President Barack Obama is touting his “opportunity agenda” on the 2014 campaign trail, even through government data shows that his policies have helped lower employees’ share of the nation’s annual income to the lowest level in 63 years.
The data also shows that companies’ profits reached an after-tax, 85-year record level of $1.683 trillion in 2012. That’s 10 percent of the economy, even after companies paid $418.9 billion in taxes.
That record profit level is one-tenth higher than the previous record which was set in 1929, the year of the Wall Street crash.
In 2012, employees received $7,138 trillion wages and salaries, or 45 percent of the nation’s income. That’s down from 48.6 percent in 1929, 51.6 percent in 1953, 49 percent in 1965, and 44.8 percent in 2008, according to government data.
However, compensation crept up with the addition of various benefits paid by employers. Those benefits comprised 0.9 percent national wealth in 1929, 5.7 percent in 1965 and 10.6 percent in 2008. They fell to 10.4 percent in 2012.
“Restoring opportunity for all has to be our priority,” Obama declared at an April 8 White House p.r. event. “That’s what America is about. It doesn’t matter where you started off, what you look like — you work hard, you take responsibility, you make the effort, you should be able to get ahead,” he announced at the campaign-style event.
“We’ve got to fight for an opportunity agenda, which means more good jobs that pay good wages… and making sure the economy rewards hard work for every single American,” he said, reprising one of his major themes in the 2014 election.
Under Obama, the drop in wages has helped to double the profit-fueled stock market, up from 7,500 in February 2009 to 16,000 in December 2013. The vast majority of that extra wealth was won by the top 0.1 percent of the population that already owns large stock portfolios.
In contrast, average household income has slid downwards in Obama’s five and half years in the White House.
By April 2013, “real median household income (excluding capital gains and losses but including cash government benefits) has declined 4.4% since the “recovery” began in 2009,” according to Sheila Bair, who was chairman of the Federal Deposit Insurance Corporation from June 2006 through June 2011.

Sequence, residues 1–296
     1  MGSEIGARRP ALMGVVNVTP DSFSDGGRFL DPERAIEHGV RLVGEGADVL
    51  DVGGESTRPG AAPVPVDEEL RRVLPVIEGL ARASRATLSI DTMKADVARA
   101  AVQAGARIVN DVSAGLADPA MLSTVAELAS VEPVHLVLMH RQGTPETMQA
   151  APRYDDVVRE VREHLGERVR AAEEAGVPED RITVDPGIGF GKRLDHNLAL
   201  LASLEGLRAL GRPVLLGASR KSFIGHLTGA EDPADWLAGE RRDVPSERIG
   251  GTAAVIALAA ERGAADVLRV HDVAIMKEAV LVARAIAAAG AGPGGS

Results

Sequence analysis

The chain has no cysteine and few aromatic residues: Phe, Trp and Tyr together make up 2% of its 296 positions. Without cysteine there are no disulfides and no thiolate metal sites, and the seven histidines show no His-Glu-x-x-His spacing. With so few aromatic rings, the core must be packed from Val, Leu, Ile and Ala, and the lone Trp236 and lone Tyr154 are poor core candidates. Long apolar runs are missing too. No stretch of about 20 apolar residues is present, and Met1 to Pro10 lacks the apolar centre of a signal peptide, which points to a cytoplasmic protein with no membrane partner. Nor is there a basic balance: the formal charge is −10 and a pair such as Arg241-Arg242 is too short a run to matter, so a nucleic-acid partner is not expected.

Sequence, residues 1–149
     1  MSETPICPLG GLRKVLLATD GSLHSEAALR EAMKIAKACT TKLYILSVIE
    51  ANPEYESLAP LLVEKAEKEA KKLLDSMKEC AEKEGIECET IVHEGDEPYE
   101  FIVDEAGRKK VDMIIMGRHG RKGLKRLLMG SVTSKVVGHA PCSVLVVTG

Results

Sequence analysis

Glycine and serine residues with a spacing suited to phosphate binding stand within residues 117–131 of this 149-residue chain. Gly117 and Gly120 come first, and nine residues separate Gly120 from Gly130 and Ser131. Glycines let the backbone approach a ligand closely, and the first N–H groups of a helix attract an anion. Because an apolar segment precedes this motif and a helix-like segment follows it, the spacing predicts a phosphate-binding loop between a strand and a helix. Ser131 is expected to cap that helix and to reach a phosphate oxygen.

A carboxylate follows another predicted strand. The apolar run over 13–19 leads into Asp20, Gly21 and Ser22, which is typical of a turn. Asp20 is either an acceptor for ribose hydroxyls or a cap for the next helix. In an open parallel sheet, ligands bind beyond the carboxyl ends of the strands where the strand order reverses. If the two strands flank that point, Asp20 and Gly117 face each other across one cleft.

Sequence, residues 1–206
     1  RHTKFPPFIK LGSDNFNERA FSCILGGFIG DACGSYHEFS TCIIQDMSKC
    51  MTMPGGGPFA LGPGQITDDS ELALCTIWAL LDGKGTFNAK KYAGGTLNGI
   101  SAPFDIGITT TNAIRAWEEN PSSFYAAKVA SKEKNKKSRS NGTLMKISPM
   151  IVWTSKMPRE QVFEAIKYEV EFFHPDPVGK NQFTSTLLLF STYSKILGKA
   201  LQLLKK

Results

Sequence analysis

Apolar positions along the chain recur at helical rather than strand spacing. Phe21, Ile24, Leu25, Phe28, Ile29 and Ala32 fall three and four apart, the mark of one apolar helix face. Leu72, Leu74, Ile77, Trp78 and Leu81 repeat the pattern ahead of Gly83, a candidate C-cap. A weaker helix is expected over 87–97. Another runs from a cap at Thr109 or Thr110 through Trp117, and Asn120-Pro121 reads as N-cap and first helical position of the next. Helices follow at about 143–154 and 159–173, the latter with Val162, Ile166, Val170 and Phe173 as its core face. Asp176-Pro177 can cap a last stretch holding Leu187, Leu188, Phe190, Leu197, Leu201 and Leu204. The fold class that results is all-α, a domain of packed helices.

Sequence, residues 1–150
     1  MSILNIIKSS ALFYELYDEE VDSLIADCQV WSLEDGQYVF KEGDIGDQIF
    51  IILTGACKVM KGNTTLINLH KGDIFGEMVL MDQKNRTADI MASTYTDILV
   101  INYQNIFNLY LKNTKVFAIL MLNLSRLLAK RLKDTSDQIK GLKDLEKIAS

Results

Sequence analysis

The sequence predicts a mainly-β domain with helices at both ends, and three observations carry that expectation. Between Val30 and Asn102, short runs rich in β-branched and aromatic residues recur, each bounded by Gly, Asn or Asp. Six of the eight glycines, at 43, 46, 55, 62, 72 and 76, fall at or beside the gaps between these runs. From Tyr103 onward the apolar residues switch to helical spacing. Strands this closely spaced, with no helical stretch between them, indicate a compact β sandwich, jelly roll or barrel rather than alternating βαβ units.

The drop was 10.9 percent for African-Americans, and 9.6 percent for people younger than 26 and 7.5 percent for unmarried mothers, Bair wrote in the Washington Post.
The clash between Obama’s opportunity rhetoric and reality is mirrored by Obama’s high-profile claim of a 23 cent “pay gap” between men and women. The claim has been damaged in the last few days by the media’s attention to data, including the data showing a 12 cent disparity between White House salaries for men and women.
Obama’s top second-term priority — a rewrite of immigration law — is also expected to shift more of the nation’s annual wealth to investors, and away from workers.
The immigration bill passed by the Senate in 2013 would boost investors’ and owners’ share of the economy for at least twenty years, and shrink some Americans’ wages and salaries for at least 10 years, according to a report from the Congressional Budget Office.
“The rate of return on capital would be higher [than on labor] under the legislation than under current law throughout the next two decades,” says the report, titled “The Economic Impact of S. 744.”
The bill would triple the inflow of immigrants, guest-workers and foreign professionals to roughly 40 million over the next decade.
In contrast, roughly 4 million Americans enter the workforce each year, and roughly 20 million Americans are unemployed or underemployed.
The shift in Obama’s economy towards investors, and away from workers, has been downplayed by the established media. The New York Times, for example, described the wage and profit data on the third page of the business section on April 5.